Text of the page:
"you'll shoot your eye out, kid."

    Yeah, it was definitely one of those 'man' moments. In too big a hurry. Removed the NDS bolt and the washer was stuck to it. Pulled the crank. No problem. Pulled the DS bolt and didn't notice that the washer was still inside the crank. Threaded in the puller and started to turn and it suddenly stopped.

    "Oh, stubborn, eh. I'll show you who's boss." Wrenched on that thing for all I was worth until I start to notice this little sliver of silver coming out.

    The washer wouldn't let the puller hit the spindle, so all I was doing was wrenching against the threads inside the crank arm. I pulled hard enough that it was peeling the threads out of crank arm.

    Not my best day working on the bike.
  • 07-13-2013
    MR_GRUMPY
    This is also called a "Pickle Fork"...(don't ask me why)
    It was made to separate tie rod ends on old cars.
    If the threads on your crank are gone, stick this between the crank and the bottom bracket and tap it until the crank loosens. (don't just tap in one place)

    You probably will mark up your crank some.
    .
    .
  • 07-13-2013
    MikeWMass
    Quote:

    Originally Posted by MR_GRUMPY View Post
    This is also called a "Pickle Fork"...(don't ask me why)

    Because it looks like a pickle fork! (only it is bigger)

    http://t0.gstatic.com/images?q=tbn:A...uE-oF8kStNj9SF
  • 07-13-2013
    josephr
    A crank puller is nice to have around especially if you think you'll be using it again one day. It depends on what your comfort level is, but if the crank isn't seized onto the spindle, you might be able to get away with light taps with a hammer, a slight turn, another light tap, etc. If you're feeling like really having to whack it, then its time to get a crank puller.
    Joe

    PS-+1 on the toolset....save lots of money and frustrating trips to the LBS with some basic DIY and rudimental mechanical skills. I bought the Bicylcing book of bike maintenance to guide myself along. The other benefit is I'm more comfortable turning my bike over the professionals when I know its something that's a little beyond my experience.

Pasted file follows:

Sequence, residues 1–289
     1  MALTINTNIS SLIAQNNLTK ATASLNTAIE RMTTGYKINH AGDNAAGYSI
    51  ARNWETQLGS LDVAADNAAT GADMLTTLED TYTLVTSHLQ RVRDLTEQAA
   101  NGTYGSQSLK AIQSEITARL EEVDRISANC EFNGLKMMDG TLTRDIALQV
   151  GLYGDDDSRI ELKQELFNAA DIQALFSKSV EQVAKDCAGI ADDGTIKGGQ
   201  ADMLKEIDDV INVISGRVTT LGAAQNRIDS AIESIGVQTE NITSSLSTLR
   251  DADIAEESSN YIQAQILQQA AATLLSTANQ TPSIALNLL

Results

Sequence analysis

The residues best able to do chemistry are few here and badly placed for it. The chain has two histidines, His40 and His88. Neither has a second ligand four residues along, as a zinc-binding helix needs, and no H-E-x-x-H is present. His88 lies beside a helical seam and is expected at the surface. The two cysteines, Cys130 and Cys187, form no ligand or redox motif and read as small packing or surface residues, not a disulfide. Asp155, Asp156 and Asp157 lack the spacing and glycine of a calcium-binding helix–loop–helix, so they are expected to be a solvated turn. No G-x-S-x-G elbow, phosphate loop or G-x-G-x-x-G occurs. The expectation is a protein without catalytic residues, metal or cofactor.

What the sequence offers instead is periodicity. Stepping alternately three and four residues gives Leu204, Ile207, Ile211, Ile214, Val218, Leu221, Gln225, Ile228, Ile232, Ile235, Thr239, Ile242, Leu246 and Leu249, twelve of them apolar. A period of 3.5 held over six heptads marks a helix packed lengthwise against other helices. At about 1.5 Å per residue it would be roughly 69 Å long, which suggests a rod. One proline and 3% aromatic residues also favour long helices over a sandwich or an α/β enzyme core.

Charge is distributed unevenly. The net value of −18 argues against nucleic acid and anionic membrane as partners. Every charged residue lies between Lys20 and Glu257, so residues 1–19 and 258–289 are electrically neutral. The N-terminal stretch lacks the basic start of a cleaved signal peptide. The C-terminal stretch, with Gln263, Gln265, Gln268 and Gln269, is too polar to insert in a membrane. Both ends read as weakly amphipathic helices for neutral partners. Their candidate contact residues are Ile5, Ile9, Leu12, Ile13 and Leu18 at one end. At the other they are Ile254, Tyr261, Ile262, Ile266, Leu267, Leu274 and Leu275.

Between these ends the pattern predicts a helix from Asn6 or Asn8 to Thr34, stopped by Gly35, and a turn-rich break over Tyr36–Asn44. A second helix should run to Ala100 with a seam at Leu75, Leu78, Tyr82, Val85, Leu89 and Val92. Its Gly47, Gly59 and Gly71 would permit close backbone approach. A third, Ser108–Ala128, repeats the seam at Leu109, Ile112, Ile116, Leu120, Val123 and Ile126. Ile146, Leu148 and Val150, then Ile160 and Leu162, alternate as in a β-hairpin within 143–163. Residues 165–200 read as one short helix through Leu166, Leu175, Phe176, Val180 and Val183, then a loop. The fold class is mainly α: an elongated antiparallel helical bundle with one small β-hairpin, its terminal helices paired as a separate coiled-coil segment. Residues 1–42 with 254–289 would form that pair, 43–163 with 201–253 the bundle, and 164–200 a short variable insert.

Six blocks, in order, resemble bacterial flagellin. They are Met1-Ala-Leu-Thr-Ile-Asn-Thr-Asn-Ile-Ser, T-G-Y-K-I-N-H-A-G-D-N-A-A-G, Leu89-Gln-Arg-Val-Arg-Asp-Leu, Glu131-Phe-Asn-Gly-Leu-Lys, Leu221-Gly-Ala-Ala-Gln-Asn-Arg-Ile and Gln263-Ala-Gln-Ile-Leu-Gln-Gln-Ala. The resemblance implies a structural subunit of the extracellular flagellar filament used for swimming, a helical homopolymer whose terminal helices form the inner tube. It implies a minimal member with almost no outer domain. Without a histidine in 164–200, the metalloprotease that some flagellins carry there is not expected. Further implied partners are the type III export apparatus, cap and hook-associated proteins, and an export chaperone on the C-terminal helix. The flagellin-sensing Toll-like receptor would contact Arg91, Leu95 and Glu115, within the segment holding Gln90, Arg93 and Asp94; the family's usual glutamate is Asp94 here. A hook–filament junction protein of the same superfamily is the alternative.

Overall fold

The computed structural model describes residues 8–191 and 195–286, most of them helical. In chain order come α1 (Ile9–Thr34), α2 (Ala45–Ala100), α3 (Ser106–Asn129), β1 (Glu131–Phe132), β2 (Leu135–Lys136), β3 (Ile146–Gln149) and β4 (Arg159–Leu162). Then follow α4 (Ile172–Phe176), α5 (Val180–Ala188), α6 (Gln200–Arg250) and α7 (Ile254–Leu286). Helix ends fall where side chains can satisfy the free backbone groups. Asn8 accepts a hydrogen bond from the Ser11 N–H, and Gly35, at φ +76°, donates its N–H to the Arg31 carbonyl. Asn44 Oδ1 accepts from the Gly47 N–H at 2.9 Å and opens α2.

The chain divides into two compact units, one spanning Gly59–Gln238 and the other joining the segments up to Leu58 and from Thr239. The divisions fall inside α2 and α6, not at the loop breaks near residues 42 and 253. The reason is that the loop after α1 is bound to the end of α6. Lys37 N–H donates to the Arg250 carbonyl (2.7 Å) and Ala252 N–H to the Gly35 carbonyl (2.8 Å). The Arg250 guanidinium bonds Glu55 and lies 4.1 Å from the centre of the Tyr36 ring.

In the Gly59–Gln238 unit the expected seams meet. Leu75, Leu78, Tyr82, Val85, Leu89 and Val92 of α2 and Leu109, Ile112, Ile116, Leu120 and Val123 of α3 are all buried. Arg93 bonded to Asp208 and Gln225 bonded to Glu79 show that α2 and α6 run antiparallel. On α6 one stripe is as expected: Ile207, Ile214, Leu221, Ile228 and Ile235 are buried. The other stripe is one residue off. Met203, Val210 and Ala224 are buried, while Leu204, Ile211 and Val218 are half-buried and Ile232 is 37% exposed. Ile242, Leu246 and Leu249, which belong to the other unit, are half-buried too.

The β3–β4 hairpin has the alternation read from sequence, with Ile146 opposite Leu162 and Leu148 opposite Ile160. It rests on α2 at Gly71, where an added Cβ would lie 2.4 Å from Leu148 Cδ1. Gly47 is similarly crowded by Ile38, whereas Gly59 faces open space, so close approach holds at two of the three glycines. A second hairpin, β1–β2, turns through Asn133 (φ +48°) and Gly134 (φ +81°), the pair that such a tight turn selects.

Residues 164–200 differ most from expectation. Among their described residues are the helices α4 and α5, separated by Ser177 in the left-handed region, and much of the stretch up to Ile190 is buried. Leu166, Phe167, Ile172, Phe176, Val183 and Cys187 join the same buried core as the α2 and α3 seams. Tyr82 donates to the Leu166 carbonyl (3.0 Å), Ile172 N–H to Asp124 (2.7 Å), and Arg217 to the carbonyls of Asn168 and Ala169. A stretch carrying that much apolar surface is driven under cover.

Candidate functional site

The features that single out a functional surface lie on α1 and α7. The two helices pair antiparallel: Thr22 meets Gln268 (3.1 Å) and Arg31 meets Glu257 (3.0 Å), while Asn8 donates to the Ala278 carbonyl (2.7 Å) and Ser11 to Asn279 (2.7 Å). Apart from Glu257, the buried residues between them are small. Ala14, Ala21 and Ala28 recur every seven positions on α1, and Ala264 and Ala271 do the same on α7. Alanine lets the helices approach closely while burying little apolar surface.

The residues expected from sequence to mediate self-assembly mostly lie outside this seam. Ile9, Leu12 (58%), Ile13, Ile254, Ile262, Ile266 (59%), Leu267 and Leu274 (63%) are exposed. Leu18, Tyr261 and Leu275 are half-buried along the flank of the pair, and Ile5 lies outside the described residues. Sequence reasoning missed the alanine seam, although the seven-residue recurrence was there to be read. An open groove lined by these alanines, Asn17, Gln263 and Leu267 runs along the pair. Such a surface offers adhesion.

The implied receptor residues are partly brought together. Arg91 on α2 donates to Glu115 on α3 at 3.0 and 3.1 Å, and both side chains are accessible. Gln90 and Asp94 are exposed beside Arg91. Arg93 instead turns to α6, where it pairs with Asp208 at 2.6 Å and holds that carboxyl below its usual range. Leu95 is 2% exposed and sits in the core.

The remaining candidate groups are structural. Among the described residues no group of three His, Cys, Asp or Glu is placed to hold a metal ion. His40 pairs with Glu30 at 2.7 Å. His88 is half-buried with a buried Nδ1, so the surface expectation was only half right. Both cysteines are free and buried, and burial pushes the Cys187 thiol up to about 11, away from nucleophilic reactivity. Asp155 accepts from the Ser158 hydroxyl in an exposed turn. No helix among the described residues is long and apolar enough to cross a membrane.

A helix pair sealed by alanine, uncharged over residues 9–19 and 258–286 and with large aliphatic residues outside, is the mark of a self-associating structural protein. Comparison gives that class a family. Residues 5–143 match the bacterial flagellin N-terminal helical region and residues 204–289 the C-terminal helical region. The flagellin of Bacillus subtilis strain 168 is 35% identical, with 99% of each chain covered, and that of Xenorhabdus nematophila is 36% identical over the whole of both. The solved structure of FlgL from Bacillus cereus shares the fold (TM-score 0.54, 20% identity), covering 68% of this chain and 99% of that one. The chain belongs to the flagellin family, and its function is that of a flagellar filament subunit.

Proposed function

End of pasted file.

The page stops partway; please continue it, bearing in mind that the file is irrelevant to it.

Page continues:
• 07-13-2013
    tihsepa
    Just get the right tool.
  • 07-13-2013
    velodog
    Here ya go, pick one and never worry again.

    Nashbar - Welcome!
  • 07-14-2013
    davez26
    Re: Removing square-taper cranks w/o crank puller?
    You could maybe find a way maybe damage something, or buy the tool, or just take it to the lbs and have them pull it for the 5-10 bucks.
  • 07-14-2013
    wim
    deleted.
  • 07-14-2013
    RaptorTC
    I did the "forget to take out the washer" thing last year and destroyed the threads on a square taper crank. I eventually managed to get the thing off by taking the bolts out and riding around on it. I don't know if it hurt the crank at all since it was beyond salvageable anyways after I bent it quite badly in a crash. It took a fair bit of riding up and down a gentle hill to get the thing off, so riding home one footed for a mile or so wasn't exactly the most fun experience.
  • 07-14-2013
    rcb78
    If the crank isn't salvageable, then split it or cut it off. Steady hands with a cutoff wheel will removed it in a matter of seconds without causing damage to anything else. A pickle fork will likely lead to needing a new BB or at the very least shortening it's life.
  • 07-14-2013
    cycle mike
    Quote:

    Originally Posted by PlatyPius View Post
    1. Remove crank bolts
    2. Ride bike til cranks fall off.

    Or spend $20 on a good crank puller.

    yes this was the method i used, the threads on my original crank were gone...i just made sure to take my new crank with me and the bolts and a socket wrench....and be sure to not ride too fast.
  • 07-14-2013
    Triggsie
    Alternating blows on the inside and outside of the crank arm with a rubber mallet can get it to come off.

    Never had much luck with the ride with the bolts out method.
  • 07-14-2013
    velodog
    Before you start banging on it with hammers and such maybe you could try a bearing puller. Here's a link to a cheap set but you could probably find something at any Sears or a hardware store.

    3 Piece Two-Jaw Puller Set